How could something so small make or break an email’s success? Because many recipients use the subject line to decide whether to open or delete an email.
This makes subject lines tricky little devils and challenging to write. A good one can get your email opened in a flash, while a bad one could spell oblivion in the trash or junk file.
Because so much is riding on your subject line, here are a few good rules for crafting a good one. Be sure to review them before you send your next email campaign.
If you want to write a better subject line, pick up your local paper. The headline usually highlights a story’s most important fact in a limited space. A subject line, in turn, should clearly state what your reader can expect from your email, what’s in it for them or what you want them to do as a result of the email. However, there isn’t enough space to do all of them all the time. Look at the newspaper headline to see how it interplays with the story.
Rule 2: There is no sure-fire formula
What works in one campaign might bomb with the next. A discount offer should be worded differently from an upsell, and both are different from a breaking-news announcement.
Even if you are sending out emails to promote similar campaigns, you shouldn’t recycle a subject line from a past campaign. You need to stand out each time, yet be familiar to the reader, too.
Rule 3: Support the “from” line
The “from” line tells the recipient who sent the email, and the subject line sells the recipient on opening. If your “from” line lists your company name, you don’t have to repeat it in the subject line, which frees up space in the subject line.
Rule 4: List key info first
Some email clients allow more characters in a subject line than others, but most give you at least 50, including spaces. So, load your key information in that first 50. Also, make sure the cut-off doesn’t occur in a crucial word, such as a price or date. One way to really see how your subject line will work in your recipients’ inboxes is to send yourself an email with your proposed subject line!
Rule 5: Urgency drives action
Set a deadline: “Order by midnight tonight;” “Last day to ensure Xmas delivery.” Use urgency and deadlines as part of a planned series of emails as well. For example on Monday incorporate “5 Days Left...” and then on Thursday follow it with “Only 24 Hours....”.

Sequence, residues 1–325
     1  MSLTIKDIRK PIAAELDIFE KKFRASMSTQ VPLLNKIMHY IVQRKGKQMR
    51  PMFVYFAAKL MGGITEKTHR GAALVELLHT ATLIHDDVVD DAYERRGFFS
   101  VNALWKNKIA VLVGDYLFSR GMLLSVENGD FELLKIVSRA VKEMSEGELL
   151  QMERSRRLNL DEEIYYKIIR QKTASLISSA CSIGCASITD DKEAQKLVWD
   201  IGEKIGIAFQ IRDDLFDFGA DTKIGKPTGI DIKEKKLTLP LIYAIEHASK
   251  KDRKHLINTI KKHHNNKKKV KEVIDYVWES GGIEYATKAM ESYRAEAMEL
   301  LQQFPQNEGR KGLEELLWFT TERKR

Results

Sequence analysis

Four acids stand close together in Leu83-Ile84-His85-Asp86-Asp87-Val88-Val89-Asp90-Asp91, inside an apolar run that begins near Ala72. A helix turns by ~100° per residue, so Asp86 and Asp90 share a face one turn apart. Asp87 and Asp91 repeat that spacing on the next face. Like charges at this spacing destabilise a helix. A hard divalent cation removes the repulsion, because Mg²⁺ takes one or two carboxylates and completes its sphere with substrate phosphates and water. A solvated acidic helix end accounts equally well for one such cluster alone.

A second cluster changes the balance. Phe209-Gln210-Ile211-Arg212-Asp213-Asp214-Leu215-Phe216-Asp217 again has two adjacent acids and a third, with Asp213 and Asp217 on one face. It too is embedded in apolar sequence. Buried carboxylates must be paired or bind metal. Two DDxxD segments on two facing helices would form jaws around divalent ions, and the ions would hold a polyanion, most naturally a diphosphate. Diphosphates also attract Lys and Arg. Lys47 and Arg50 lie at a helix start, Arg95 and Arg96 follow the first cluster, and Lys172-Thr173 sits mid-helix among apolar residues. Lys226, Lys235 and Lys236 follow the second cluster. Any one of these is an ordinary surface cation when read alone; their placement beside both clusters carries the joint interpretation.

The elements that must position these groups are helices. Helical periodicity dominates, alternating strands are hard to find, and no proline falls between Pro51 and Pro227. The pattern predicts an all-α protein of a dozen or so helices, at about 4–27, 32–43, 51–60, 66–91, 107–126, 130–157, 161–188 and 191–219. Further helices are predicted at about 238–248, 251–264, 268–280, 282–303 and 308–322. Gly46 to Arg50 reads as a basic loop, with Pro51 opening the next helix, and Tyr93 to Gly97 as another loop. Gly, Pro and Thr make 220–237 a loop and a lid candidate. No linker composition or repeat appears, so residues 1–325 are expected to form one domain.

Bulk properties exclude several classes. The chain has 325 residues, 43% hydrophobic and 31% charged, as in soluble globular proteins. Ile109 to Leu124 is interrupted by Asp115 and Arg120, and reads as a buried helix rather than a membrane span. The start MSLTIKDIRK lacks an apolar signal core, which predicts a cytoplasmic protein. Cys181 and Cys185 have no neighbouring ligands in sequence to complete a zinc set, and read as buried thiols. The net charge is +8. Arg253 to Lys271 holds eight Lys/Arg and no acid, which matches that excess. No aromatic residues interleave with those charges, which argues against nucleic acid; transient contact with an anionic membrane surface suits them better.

Rule 6: Watch those spam filters
There’s a fine line between “catchy” and “spammy.” Run your copy through a content checker to identify any spam-like words, phrases or construction. The content checker will tell you which phrases to avoid. Two tricks that could trip a spam filter: subject lines in all capital letters and using more exclamation points than necessary. (Both look unprofessional, too.) In fact, we recommend against using exclamation points at all if you can avoid it.
Rule 7: “Free” is not evil
Yes, you can use “free” in a subject line. Just don’t make “free” the first word, use it in conjunction with an exclamation point or spell it in all caps (could get your email filtered). People still respond to “free”; so, the increase in orders or other actions will almost always outweigh the messages lost from filtering.
Rule 8. Lead, but don’t mislead
Don’t stretch the truth in the subject line or promise more than the email can deliver or make grand claims that readers will find hard to comply with in order to get a special offer or benefit. Readers will distrust you (and reach for the report-spam button) if your subject line doesn’t reflect the email content.
Rule 9. Can you pass the must-open/must-read test?
The days when people opened absolutely everything that landed in their inboxes are long gone. Now, you have to intrigue them. Appeal to their need for information, to be an insider who is “in the know.”
Run a simple test on yourself and others on your team – does the subject line pass these two tests?
- The must-read test. If a subscriber doesn’t open the email they will feel like they are out of the loop and may have missed an offer that they will regret not taking advantage of.
- The unbulk / bulk-folder test. If for some reason, your email goes into the bulk folder, does the combination of from and subject line wording inspire trust and intrigue to get the recipient to move it into their inboxes?
Yes, this seems like a lot of fuss over 50 little characters. But those 50 characters may have a significant impact on your email’s success. Therefore, it pays to get them right.